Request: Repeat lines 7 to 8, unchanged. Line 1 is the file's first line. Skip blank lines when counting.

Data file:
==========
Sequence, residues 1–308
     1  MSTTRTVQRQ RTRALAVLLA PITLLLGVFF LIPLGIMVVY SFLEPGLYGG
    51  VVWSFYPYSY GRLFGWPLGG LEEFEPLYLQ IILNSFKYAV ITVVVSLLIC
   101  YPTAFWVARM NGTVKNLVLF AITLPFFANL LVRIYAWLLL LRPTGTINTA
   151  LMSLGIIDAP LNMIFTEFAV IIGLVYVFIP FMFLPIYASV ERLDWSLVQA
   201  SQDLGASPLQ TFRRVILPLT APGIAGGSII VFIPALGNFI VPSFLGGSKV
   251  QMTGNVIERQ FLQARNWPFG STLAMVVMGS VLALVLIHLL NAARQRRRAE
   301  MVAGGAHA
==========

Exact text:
   251  QMTGNVIERQ FLQARNWPFG STLAMVVMGS VLALVLIHLL NAARQRRRAE
   301  MVAGGAHA